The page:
CfP: Global War, Global Connections, Global Moments, Zurich, 2018

A century after the First World War, this conference wants to reflect on international relations and entanglements during the global conflict. The aim is to bring together an international group of scholars working on transnational and international fields and aspects of the war, such as diplomacy, rivalry between war partners, secret diplomacy or commemoration.

Core topics:
– International Relations
– Cooperation and Rivalry between War Partners
– Alliances
– Networks, NGOs, Red Cross, Transnational companies
– Visions of Post-War Future, Peace and Order
– Transition from War to Peace (Global War, Local Peace)
– Global War – Global Actors – Local Actors
– Commemoration (transnational)
– Revolutions, Ruptures and Turning Points
– Knowledge transfer, secret diplomacy and intelligence services

Confirmed keynote speakers are Prof. Dr. Maartje Abbenhuis (University of Auckland, New Zealand) and Prof. Dr. Fischer-Tiné (ETH Zurich, Switzerland).

Please send an abstract of 300 – 400 words until 10th November 2017 to the following email: global.war.conference@gmail.com.

Organized by Thomas Schmutz (University of Zurich/Newcastle) and Gwendal Piégais (Université de Bretagne Occidentale, Brest).

Programme
Part of the conference is also a workshop for PhD students and early career scholars.

CFP: War and Imprisonment, May 2018, New York

The capture and confinement of human beings has been—and remains—a central feature of warfare and periods of mass violence both within and between nation-states and among non-state actors. Prisoners apprehended and held during times of conflict—whether military or political—have been both blessing and curse to their keepers. While often valued as cheap labor and lucrative bargaining chips, the high costs—economic, social, political, and environmental—associated with mass imprisonment continue to challenge even the best organized bureaucratic states. This conference seeks to explore these historical and contemporary dynamics across geographic time and space. We welcome interdisciplinary scholarship on topics including, but not limited to, the following:

Prisoner of war camps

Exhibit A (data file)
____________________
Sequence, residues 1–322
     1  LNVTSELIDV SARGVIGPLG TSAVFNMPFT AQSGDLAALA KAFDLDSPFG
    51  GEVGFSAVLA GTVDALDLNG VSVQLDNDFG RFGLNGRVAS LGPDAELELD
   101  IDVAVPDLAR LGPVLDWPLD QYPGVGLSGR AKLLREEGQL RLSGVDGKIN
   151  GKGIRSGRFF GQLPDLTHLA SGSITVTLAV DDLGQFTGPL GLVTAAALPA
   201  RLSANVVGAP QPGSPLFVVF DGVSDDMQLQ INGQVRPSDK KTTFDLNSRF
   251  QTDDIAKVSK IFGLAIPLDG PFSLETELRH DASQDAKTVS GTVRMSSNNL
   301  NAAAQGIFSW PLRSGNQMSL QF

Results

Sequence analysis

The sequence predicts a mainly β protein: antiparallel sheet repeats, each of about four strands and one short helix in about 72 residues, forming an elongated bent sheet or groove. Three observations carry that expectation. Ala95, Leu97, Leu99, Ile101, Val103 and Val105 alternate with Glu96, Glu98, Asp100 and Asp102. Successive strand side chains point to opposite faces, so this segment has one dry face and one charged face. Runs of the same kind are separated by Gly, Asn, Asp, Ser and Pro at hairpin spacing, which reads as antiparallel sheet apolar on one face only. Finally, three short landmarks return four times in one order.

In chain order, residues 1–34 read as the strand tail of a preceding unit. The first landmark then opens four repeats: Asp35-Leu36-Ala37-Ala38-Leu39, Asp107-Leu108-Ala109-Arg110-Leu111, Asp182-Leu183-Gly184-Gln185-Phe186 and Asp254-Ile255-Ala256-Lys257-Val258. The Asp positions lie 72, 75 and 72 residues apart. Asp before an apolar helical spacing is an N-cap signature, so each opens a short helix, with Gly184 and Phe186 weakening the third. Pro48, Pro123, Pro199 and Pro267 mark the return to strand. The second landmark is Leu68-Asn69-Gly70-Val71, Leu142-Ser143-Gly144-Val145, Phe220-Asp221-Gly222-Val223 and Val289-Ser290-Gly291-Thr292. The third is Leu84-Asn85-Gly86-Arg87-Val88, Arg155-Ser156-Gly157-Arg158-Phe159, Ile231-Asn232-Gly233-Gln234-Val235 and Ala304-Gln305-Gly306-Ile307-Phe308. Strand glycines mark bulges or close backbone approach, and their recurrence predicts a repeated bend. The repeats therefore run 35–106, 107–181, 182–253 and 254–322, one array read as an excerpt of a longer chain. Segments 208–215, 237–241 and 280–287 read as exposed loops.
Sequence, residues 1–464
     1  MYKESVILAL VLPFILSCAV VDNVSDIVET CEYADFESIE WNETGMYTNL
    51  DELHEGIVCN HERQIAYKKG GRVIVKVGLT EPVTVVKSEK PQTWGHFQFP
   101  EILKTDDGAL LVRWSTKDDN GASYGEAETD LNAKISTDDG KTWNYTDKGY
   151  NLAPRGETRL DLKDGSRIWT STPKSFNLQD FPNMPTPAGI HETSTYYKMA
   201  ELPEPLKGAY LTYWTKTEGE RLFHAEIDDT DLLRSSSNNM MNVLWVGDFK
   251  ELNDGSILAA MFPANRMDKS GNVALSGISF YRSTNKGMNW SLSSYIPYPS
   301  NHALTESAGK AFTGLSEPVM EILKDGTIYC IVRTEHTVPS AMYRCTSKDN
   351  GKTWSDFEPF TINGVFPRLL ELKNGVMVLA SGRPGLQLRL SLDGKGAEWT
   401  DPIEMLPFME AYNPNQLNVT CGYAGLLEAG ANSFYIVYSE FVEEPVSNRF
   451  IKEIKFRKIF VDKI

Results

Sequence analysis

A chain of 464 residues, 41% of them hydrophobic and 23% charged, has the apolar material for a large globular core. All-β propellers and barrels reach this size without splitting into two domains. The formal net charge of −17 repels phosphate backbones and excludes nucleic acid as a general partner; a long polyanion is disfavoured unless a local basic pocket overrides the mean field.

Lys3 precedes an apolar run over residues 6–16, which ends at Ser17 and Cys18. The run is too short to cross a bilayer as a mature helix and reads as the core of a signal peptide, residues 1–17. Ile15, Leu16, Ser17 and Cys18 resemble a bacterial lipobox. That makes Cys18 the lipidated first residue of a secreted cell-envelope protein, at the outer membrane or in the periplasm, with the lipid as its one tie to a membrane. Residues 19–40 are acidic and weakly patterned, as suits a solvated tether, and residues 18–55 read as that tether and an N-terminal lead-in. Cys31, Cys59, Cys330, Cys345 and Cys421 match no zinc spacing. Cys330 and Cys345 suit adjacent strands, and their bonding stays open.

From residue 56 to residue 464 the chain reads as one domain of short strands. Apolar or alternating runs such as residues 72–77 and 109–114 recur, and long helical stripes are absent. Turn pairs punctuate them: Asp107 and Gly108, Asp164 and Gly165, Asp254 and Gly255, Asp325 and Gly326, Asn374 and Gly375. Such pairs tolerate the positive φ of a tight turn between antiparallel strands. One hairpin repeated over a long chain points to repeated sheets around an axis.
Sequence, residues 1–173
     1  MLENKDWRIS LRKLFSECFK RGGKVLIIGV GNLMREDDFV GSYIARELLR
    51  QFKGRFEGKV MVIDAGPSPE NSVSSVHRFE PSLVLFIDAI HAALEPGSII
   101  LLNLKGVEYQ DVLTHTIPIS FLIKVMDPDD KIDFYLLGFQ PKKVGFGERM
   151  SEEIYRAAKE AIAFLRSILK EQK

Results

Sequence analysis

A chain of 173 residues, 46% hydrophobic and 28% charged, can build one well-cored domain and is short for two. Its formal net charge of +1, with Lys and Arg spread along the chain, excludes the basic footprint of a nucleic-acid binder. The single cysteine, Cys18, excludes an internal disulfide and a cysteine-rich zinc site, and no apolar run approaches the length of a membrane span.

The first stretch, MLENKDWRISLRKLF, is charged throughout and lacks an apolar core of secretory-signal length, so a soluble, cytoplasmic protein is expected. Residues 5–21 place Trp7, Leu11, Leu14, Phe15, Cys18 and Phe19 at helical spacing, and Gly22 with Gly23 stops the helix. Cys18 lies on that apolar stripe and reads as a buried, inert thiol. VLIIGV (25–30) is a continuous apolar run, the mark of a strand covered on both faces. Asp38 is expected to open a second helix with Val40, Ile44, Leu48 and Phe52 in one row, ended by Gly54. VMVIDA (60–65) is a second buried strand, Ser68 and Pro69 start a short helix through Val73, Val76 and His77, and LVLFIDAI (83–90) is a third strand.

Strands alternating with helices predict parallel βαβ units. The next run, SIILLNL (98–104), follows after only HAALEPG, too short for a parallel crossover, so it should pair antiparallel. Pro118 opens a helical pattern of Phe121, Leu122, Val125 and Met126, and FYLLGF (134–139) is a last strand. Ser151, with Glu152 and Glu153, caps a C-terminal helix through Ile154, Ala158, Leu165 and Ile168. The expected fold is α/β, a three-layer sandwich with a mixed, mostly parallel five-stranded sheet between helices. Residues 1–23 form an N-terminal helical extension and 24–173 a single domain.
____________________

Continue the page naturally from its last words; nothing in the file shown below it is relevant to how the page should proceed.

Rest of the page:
Prison towns
Civilian prisoners in wartime
Political imprisonment
Prison culture
Prison violence
Treatment of prisoners
Prison labor in wartime
Race, class, gender, and prison in wartime
Prison architecture and design
Environmental impacts of mass imprisonment

The one-day conference will be held at the Graduate Center of the City University of New York, located at 365 Fifth Avenue in Manhattan, on Friday, May 11, 2018. We envision a program free of geographical, chronological, or methodological restraints.

Individual paper proposals of no more than 300 words and a short CV should be sent to Clarence (Jeff) Hall (chall@qcc.cuny.edu) and Sarah Danielsson (sdanielsson@gc.cuny.edu) no later than December 15, 2017. Accepted presenters will be notified in early 2018. Interested presenters may also be considered for publication in an anthology tentatively scheduled for 2019.

CfP: Echoes of revolution 1848, 1918. Revolution, nationalism, and socialism

Weekend conference: ‘Echoes of revolution 1848, 1918. Revolution, nationalism, and socialism’
Dates: Saturday and Sunday, 17 and 18 February 2018
Venue: School of History, University of East Anglia, Norwich, NR4 7TJ, UK

Organised and hosted by UEA School of History in conjunction with the journal Socialist History and the Institute of Working Class History, Chicago.

As the old European powers approached exhaustion in the Great War, a wave of revolutionary struggles broke out across the continent, from Ireland to Russia. Mass movements articulated class, social and national aspirations as states fragmented and empires, dynasties and rulers were toppled. But relations between these movements and their component parts were anything but simple. National claimants contested for control of disputed territories in the name of self-determination. Class and social movements struggled with one another over who should rule in the successor states, and in whose interests. These struggles left a lasting legacy which helped shape European politics for decades.